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Monitoring biological heterogeneity in a northern mixed prairie using hierarchical remote sensing methods



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Heterogeneity, the degree of dissimilarity, is one of the most important and widely applicable concepts in ecology. It is highly related to ecosystem conditions and features wildlife habitat. Grasslands have been described as inherently heterogeneous because their composition and productivity are highly variable across multiple scales. Therefore, biological heterogeneity can be an indicator of ecosystem health. The mixed prairie in Canada, characterized by its semiarid environment, sparse canopy, and plant litter, offers a challenging region for environmental research using remote sensing techniques. This thesis dwells with the plant canopy heterogeneity of the mixed prairie ecosystem in the Grasslands National Park (GNP) and surrounding pastures by combining field biological parameters (e.g., grass cover, leaf area index, and biomass), field collected hyperspectral data, and hierarchical resolution satellite imagery. The thesis scrutinized four aspects of heterogeneity study: the importance of scale in grassland research, relationships between biological parameters and remotely collected data, methodology of measuring biological heterogeneity, and the influence of climatic variation on grasslands biological heterogeneity. First, the importance of scale is examined by applying the semivariogram analysis on field collected hyperspectral and biophysical data. Results indicate that 15 - 20 m should be the appropriate resolution when variations of biological parameters and canopy reflectance are sampled. Therefore, it is reasonable to use RADARSAT-1, Landsat TM, and SPOT images, whose resolutions are around 20 m, to assess the variation of biological heterogeneity. Second, the efficiency of vegetation indices derived from SPOT 4 and Landsat 5 TM images in monitoring the northern mixed prairie health was examined using Pearson’s correlation and stepwise regression analyses. Results show that the spectral curve of the grass canopy is similar to that of the bare soil with lower reflectance at each band. Therefore, vegetation indices are not necessarily better than reflectance at green and red wavelength regions in extracting biological information. Two new indices, combining reflectance from red and mid infrared wavelength regions, are proposed to measure biological parameters in the northern mixed prairie. Third, texture analysis was applied to quantify the biological variation in the grasslands. The textural parameters of RADARSAT imagery correlated highly with standard deviation of the field collected canopy parameters. Therefore, textural parameters can be applied to study the variations within the mixed prairie. Finally, the impacts of climatic variation on grassland heterogeneity at a long time scale were evaluated using Advanced Very High Resolution Radiometer (AVHRR) , Normalized Difference Vegetation Index (NDVI), Maximum Value Composite (MVC), and SPOT Vegetation NDVI MVC imagery from 1993 to 2004. A drought index based on precipitation data was used to represent soil moisture for the study area. It was found that changes of temperature and precipitation explain about 50% of the variation in AVHRR NDVI (i.e., temporal heterogeneity) of the northern mixed prairie. Trend line analysis indicates that the removal of grazing cattle carry multiple influences such as decreasing NDVI in some parts of the upland and valley grassland and increasing NDVI in the valley grassland. Results from this thesis are relevant for park management by adjusting grassland management strategies and monitoring the changes in community sizes. The other output of the thesis is furthering the remote sensing investigation of the mixed prairie based on information of the most appropriate resolution imagery.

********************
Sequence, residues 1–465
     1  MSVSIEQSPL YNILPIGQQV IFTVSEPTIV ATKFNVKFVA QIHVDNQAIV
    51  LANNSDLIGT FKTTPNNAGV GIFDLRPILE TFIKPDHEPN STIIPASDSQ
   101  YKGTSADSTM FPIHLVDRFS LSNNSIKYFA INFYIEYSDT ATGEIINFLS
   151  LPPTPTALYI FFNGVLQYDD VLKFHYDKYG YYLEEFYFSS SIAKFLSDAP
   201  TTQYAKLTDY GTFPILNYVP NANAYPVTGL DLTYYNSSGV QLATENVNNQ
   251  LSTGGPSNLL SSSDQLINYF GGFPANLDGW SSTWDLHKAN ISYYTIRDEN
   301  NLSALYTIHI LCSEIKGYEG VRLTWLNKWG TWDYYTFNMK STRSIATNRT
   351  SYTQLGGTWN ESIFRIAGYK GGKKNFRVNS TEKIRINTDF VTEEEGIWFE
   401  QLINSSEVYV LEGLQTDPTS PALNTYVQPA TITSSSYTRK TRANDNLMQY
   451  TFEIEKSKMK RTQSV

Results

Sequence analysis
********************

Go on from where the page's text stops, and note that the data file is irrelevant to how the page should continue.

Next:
Northern mixed prairie, Remote sensing, Heterogeneity



Doctor of Philosophy (Ph.D.)






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